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Mol Gen Genet. 1989 Jun;217(2-3):309-16.

DNA transfer from Agrobacterium to Zea mays or Brassica by agroinfection is dependent on bacterial virulence functions.

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Friedrich Miescher-Institut, Basel, Switzerland.


DNA transfer from Agrobacterium tumefaciens, a soil bacterium, to the non-host graminaceous monocotyle-donous plant Zea mays, was analysed using the recently developed technique of agroinfection. Agroinfection of Z. mays with maize streak virus using strains of A. tumefaciens carrying mutations in the pTiC58 virulence region showed an almost absolute dependence on the products of the bacterial virC genes. In contrast, agroinfection of the control host Brassica rapa with cauliflower mosaic virus was less dependent on the virC gene products. In other respects, the basic mechanism of the plant-bacterium interaction was found to be similar. While intact virA, B, D and G functions were absolutely necessary, mutants in virE were attenuated. Agroinfection of maize was effective in the absence of an exogenously supplied vir gene inducer, and indeed wounded Z. mays tissues were found to produce substance(s) which induced the expression of A. tumefaciens vir genes. These findings are discussed in the light of current knowledge about the function of Agrobacterium vir genes.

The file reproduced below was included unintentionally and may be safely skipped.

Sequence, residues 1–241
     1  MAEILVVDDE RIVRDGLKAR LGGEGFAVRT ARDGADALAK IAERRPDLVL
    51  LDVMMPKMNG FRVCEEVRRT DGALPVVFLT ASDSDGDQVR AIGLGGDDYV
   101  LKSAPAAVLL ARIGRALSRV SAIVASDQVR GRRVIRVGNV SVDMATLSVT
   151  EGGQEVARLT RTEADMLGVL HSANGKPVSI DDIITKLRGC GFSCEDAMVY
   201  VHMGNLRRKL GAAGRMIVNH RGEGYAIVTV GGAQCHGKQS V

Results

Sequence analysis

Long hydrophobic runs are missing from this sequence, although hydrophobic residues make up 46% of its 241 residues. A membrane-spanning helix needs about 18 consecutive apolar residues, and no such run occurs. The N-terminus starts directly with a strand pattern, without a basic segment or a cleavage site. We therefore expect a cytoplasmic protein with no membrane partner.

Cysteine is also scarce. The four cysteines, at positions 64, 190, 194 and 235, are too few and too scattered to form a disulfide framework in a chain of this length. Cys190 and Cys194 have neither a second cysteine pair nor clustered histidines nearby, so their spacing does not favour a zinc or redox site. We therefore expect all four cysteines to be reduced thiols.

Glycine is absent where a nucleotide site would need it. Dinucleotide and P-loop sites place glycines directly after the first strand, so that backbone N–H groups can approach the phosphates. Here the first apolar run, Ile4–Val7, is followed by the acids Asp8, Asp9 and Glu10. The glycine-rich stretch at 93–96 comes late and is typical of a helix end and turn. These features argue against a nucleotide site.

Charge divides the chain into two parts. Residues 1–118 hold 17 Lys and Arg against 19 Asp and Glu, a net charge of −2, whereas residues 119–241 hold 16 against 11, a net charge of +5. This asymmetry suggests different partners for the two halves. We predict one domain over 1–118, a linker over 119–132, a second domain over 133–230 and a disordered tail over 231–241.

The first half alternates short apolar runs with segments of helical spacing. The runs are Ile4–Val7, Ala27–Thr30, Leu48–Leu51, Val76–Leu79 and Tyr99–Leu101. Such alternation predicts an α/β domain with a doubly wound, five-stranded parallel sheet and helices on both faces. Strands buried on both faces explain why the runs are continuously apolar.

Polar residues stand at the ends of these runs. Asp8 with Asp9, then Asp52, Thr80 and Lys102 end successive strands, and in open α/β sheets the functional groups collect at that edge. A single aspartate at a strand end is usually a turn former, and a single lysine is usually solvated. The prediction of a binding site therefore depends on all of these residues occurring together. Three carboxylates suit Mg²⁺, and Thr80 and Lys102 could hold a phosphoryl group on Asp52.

[Indexed for MEDLINE]

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